Yesterday as I was laid up in bed with a nasty cold, I decided to finally get around to rewatching one of my old favorite shows: Prison Break. I was introduced to it just as the first season was airing, way back in 2006, and I was instantly hooked. It's a tense, thrilling, devastating show about the American prison and legal system, governmental conspiracies, brotherly love, and the consequences of our actions. It is almost entirely made up of things I love. (And a few things I hate, but we'll get to that later.)
Admittedly the first season of the show ended up being the only one worth watching, a fact that still disappoints me, but I am happy to go back and watch through twenty-two episodes of freaking phenomenal television. There's not a single episode in there that isn't tense, engaging, and absolutely brilliant. But within those episodes there are a couple that rise above even that high standard and have become the standard against which I judge all dramatic writing.
Yup. My standard for good dramatic writing - writing that keeps the reader hooked, continuously raises the stakes without falling into melodrama, and that manages to develop the characters simply by showing how they react to certain situations - is a two-part episode from season one titled, "Riots, Drills, and the Devil." It's so good.
But before I can drag you all through exactly how and why this episode is amazing (which it is), I should probably give you some background. The show Prison Break, which aired from 2005-2009 and was only good from 2005-2006, is about, you guessed it, a guy breaking out of prison.
Our hero is Michael Scofield (Wentworth Miller), a seemingly well-off, cultured, intelligent man who we see in the first few minutes of the pilot hold up a bank with a gun and get himself arrested. He then proceeds to get himself the maximum sentencing at a local prison: Fox River. As the pilot unfolds, we start to understand why he's decided to get himself put in jail. He's going to break out, and he's going to bring his brother, Lincoln Burrows (Dominic Purcell) who is on death row, with him.
That's the show in a nutshell, but there are a lot of nuances to it. For startes, Lincoln's in prison for killing the vice president's brother - a crime the he strenuously claims he did not admit. He insists, and Michael agrees, that the evidence against him was manufactured by some opposing force or conspiracy. And, it turns out, he's right. But by this point in the season (just six episodes in or so) we don't know why.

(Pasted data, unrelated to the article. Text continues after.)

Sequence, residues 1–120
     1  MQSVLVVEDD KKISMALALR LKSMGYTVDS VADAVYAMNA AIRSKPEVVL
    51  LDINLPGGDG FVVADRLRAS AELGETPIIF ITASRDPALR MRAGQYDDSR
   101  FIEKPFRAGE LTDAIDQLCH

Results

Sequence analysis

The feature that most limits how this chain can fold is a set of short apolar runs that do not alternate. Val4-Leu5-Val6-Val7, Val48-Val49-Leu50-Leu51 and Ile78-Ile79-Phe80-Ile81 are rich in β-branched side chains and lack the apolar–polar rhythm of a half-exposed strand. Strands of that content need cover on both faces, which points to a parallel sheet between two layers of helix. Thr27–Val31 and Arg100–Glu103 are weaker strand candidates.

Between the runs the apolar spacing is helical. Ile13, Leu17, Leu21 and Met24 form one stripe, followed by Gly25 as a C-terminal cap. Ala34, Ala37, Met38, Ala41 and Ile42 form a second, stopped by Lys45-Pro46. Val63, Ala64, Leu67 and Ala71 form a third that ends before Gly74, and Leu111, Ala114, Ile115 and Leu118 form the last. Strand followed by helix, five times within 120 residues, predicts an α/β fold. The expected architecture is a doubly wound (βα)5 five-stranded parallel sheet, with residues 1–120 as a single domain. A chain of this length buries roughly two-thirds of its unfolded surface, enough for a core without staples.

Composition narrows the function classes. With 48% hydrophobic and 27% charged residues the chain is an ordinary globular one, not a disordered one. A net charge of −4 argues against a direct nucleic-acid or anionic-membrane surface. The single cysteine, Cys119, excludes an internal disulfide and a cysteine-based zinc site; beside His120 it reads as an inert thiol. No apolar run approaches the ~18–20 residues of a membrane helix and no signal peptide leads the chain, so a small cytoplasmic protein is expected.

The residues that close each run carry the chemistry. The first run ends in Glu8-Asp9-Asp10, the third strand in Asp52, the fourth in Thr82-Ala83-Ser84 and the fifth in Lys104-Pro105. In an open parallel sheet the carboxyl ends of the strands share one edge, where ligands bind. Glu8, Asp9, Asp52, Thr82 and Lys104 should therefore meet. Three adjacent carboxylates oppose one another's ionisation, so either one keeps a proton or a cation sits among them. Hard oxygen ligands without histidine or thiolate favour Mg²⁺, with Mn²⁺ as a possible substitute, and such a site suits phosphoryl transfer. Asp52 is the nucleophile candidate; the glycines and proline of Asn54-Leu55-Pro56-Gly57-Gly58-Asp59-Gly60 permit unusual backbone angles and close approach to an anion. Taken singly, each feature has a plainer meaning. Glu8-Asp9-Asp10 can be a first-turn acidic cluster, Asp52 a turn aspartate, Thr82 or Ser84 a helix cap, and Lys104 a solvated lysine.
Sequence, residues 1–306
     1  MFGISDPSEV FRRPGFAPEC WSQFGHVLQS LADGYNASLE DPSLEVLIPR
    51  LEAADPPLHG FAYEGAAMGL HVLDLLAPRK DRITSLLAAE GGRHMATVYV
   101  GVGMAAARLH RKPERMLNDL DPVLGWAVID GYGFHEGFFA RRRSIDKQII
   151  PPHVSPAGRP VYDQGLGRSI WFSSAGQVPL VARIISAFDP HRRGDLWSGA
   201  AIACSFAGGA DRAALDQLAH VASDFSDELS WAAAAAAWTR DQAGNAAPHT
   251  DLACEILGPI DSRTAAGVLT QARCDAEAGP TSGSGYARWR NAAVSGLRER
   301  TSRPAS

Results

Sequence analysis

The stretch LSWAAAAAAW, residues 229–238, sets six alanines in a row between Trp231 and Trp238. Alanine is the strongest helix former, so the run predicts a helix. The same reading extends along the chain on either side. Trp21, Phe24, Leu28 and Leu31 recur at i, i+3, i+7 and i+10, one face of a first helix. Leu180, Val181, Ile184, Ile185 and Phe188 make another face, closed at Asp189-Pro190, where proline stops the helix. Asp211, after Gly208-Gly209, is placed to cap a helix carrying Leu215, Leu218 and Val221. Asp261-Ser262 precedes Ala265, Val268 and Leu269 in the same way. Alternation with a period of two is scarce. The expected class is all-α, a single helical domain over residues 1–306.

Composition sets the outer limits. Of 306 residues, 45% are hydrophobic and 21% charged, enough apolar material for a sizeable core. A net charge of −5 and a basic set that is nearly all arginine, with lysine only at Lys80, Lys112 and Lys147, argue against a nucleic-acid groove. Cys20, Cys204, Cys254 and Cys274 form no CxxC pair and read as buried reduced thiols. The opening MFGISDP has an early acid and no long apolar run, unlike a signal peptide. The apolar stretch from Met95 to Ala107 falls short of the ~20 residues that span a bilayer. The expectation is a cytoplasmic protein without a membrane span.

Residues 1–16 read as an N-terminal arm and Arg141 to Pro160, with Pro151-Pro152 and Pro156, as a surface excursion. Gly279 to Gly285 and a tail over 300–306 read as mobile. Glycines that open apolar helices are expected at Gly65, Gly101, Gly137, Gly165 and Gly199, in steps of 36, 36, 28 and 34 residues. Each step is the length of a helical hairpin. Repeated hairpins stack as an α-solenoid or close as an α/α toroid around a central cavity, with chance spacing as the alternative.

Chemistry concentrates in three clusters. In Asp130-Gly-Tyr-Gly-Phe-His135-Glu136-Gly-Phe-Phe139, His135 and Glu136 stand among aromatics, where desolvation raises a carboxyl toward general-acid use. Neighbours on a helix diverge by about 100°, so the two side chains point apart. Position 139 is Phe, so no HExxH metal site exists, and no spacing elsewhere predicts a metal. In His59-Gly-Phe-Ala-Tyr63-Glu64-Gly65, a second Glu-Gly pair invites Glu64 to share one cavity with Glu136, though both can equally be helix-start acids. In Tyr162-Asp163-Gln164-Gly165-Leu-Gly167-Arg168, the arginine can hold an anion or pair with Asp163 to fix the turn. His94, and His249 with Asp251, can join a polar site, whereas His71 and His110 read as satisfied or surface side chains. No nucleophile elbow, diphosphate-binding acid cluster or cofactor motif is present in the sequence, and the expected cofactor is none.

Michael, meanwhile, is more than just a smart man who loves his brother. He's a freaking genius who is obsessively and a little weirdly close to his brother. Michael, who grew up with Lincoln as his primary parental figure after age eight, has strong abandonment issues, a keen analytical mind, and a blueprint of the prison tattooed on the upper half of his body. He's got this.
And, in a weird way, that's why the show works. Because the premise of the show isn't that Michael has to figure out how to break him and Lincoln out of prison before Lincoln is executed. Before the season even started, we're told, Michael figured out the plan to the most minute, ridiculous detail. He found out what other people were imprisoned at Fox River and who he could ask for favors or who he could blackmail into helping him. He planned the entire escape route and set an ambitious time schedule. Hell, he even figured out a way to make sure that his cellmate wouldn't rat on him for the escape attempt.
So the tension in the show isn't about wondering if Michael can break them out of prison, it's wondering what's going to happen that Michael hasn't planned for. In other words, the actual breaking out stuff is mostly handled. What's left is the human element. And that's where this episode comes in as one of the best I've ever seen on television.
Okay, so that's the setup for the show. Here's the setup for the episode. Michael and his cellmate Sucre (Amaury Nolasco) have already dug through the wall behind their toilet. If the toilet is in place you can't see anything, but there is in fact a giant hole there.
The next step is that they need to drill through a giant wall of six inch concrete that's between them and an access tunnel that will lead to the next part of the escape. Unfortunately, Michael's plan requires them to do this at times when no one will notice that he's out of his cell, and since this is prison, that time is extremely limited. He has to drill through the wall in the next 24 hours or else they won't escape on time (as in, before Lincoln is executed).
That's the basic premise of the episode. In order to know where to drill, because there are other pipes back behind that concrete wall that lead to less friendly pipes that might be full of explosive gas, Michael has set up a sketch of the devil, taken from his tattoo, that will show them the exact points to drill through in order to upset the tensile strength of the wall. Because Michael is a crazy brilliant engineer and also a little crazy.